March Madness baby! Woot! Woot! Anyway, basketball isn’t everything, so read these top five stories from CLOmedia.com for the week of March 17.
1. What Is Work to a Millennial?: Good question. CLO Ask A Gen Y blogger Ladan Nikravan takes a shot at answering.
2. How the Military Informs Learning: In his new book, “Courage to Execute,” Afterburner Inc. CEO James Murphy examines how elite military units’ methods can help business leaders achieve goals, develop teams and improve performance. CLO editor Kate Everson has more.
3. Learning to Read Their Minds: New insights into how the brain works are changing how learning leaders structure programs and how the corporate learning industry thinks about knowledge retention and study habits. Carol Leaman, CEO of Axonify, a learning platform, has the story.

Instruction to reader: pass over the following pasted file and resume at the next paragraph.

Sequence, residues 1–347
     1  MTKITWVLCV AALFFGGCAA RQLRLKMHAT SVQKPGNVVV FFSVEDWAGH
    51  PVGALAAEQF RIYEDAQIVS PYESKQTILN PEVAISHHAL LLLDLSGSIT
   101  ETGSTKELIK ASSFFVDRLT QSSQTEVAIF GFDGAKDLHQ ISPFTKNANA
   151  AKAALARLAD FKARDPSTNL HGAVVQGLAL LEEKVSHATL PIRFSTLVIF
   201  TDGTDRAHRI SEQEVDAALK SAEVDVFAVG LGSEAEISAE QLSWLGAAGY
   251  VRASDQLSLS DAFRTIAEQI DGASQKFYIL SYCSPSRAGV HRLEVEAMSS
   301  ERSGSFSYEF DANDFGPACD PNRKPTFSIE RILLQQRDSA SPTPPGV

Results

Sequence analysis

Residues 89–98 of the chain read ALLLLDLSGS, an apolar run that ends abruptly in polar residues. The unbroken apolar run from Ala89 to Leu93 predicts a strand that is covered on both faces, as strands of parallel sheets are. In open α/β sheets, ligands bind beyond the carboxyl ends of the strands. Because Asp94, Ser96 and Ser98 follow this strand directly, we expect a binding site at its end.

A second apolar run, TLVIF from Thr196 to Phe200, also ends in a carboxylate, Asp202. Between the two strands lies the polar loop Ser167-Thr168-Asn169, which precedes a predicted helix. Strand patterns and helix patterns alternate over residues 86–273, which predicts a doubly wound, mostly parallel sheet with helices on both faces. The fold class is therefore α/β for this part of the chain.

4. How to Sponsor and Retain Managers in MBA Programs: It may cost some money upfront, but with the right support and retention efforts, sponsoring employee MBA programs could more than justify the investment. Andrea Backman, dean of the Jack Welch Management Institute, has more.
5. Supporting the Application of Learning: Learning leaders spend too much time and money on the wrong things, writes CLO columnist Bob Mosher.
On Another Note …
In most companies, asking employees if they have a disability is a no-no — it could be grounds for discrimination.
But according to a Wall Street Journal article from earlier this week, U.S. regulations going into effect next week will require for the first time that federal contractors — which includes notable companies like Boeing Co. and AT&T Inc., among others — ask their employees if they have a disability.
The article continued:
“Those that don’t employ a minimum of 7 percent disabled workers, or can’t prove they are taking steps to achieve that goal, could face penalties and, in the most extreme cases, the loss of their contracts, according to a government official. The target applies to contractors with 50 or more employees or more than $50,000 in government work.”
Read more here.
Also, here’s how much salaries are expected to increase by industry, according to Business Insider. Read here.